There's no question that SolarCity (NASDAQ:SCTY) is the biggest installer of residential solar in the U.S. and one of the leaders in the solar industry in general.
What is in question is how sustainable that lead is, and whether SolarCity's business model of holding projects on the balance sheet and keeping customers long term is good for shareholders. Fellow Fool Jason Hall gave a good look at the story as SolarCity wants to tell it yesterday, but there are some skeptical numbers investors should keep in mind as well.
What is the value of renewal?
SolarCity's entire business model is built on building solar systems and then leasing them to customers through power purchase agreements. To back that up, system sales were just $24.5 million in the second quarter, and the company's gross margins on the segment were just 10% -- hardly enough margin to make a profit.
Here's where the company gets complicated, and where sweeping assumptions either make this a great investment, or a place to burn money in the stock market.
First, let's look at the cash flow from projects before equity financing or other debt. As SolarCity itself said, and you can see below, it cost $483 million to build solar systems in the quarter (including $17 million in state subsidies), and the company has $33 million of annual cash flows from those projects. I'm not including years 20-30 in the calculations below because we really have no idea what will happen with residential solar systems after their contracted life of 20 years.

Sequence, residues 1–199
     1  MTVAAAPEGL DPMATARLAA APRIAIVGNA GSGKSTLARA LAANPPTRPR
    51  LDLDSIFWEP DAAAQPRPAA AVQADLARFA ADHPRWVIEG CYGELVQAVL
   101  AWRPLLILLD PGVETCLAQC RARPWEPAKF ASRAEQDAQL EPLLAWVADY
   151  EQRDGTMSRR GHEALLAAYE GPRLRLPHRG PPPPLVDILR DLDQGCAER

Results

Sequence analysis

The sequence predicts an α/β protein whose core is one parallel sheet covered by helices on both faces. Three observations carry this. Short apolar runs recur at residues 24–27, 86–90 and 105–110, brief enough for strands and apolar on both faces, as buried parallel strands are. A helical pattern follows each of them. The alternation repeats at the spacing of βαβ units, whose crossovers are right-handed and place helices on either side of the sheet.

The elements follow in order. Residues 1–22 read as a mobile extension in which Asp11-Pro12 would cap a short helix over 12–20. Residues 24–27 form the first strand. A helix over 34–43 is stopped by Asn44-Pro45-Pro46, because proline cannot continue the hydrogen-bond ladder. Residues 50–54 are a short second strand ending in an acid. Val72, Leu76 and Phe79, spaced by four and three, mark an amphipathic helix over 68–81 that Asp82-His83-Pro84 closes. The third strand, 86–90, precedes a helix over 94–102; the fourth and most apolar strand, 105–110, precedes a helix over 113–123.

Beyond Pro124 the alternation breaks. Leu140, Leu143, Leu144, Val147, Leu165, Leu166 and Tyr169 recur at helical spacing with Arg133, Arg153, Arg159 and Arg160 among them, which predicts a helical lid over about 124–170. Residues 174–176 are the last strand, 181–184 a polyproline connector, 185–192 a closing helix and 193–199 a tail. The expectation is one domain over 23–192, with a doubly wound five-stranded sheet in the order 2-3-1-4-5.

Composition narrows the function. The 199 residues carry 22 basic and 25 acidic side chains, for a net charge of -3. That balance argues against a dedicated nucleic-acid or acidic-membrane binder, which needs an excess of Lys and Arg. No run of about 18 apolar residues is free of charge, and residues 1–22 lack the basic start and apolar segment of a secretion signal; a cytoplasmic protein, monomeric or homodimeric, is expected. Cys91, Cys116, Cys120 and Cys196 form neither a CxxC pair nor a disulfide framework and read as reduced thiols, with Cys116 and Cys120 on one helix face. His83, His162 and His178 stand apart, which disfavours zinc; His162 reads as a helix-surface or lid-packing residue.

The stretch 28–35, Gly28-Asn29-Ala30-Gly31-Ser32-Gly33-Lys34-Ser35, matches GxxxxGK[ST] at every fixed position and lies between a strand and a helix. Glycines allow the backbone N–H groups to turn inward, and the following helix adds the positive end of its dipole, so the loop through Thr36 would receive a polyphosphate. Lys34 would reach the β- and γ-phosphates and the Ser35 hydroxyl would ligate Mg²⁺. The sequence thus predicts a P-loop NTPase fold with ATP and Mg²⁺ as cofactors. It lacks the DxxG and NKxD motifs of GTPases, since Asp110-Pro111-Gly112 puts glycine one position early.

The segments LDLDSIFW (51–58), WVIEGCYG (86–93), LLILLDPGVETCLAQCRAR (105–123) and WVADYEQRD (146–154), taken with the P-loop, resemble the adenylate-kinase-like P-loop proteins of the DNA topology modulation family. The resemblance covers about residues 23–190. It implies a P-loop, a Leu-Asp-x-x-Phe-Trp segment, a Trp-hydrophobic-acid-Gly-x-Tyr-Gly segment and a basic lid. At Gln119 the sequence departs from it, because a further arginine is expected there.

I start with the "Gross Project Cash Flow Forecast" line because it doesn't include tax equity financing that takes advantage of the investment tax credit of 30%. This subsidy is going to fall from 30% to 10% in 2017, so it's important to look at how project economics work without it.
If you look at just the gross project cash flows from the first 20 years of solar systems, SolarCity's internal rate of return is 3.2%, well below cost of capital, no matter how you calculate it. That's key because it shows just how dependent SolarCity is on tax equity financing and low-cost debt to fund projects.
SolarCity isn't alone in this dependence, and long term, it may not be a problem at all. But SolarCity has to hit cost reduction targets to maintain margins after the ITC falls.
What happened to falling costs?
The most alarming figure in the second quarter is that installed cost per watt fell just 3% to $2.91. Even core installation cost per watt fell just 7% to $2.13.
Management will tell you that the added cost for SG&A will lead to greater growth in the future, but the fact is that SolarCity's growth rate is actually slowing. The company is no longer doubling in size; it "only" grew installations by 77% last quarter.
What this is showing is greater competition in the residential solar space and the cost of SolarCity's scale. It takes a lot of overhead and sales staff to run such a large organization, especially with such a focus on growth.
Cost per watt will be a key metric to watch in the future, especially in light of the potentially low post-ITC returns I pointed out above. If cost reductions don't hit the 2017 goal of $2.50 per watt the company may not have the same high margin business investors expect it to have.
Still the top dog in residential solar
I've pointed out a couple of challenges SolarCity faces as the solar industry evolved, but as the top residential solar installer in the country it's well positioned to adjust to a changing market. Investors should just know that cost per watt and low cost financing are important growth drivers for the business. Watching how those evolve will tell us whether the company can continue to grow or hits a rough patch in 2017.
Travis Hoium has no position in any stocks mentioned. The Motley Fool recommends SolarCity. The Motley Fool owns shares of SolarCity. Try any of our Foolish newsletter services free for 30 days. We Fools may not all hold the same opinions, but we all believe that considering a diverse range of insights makes us better investors. The Motley Fool has a disclosure policy.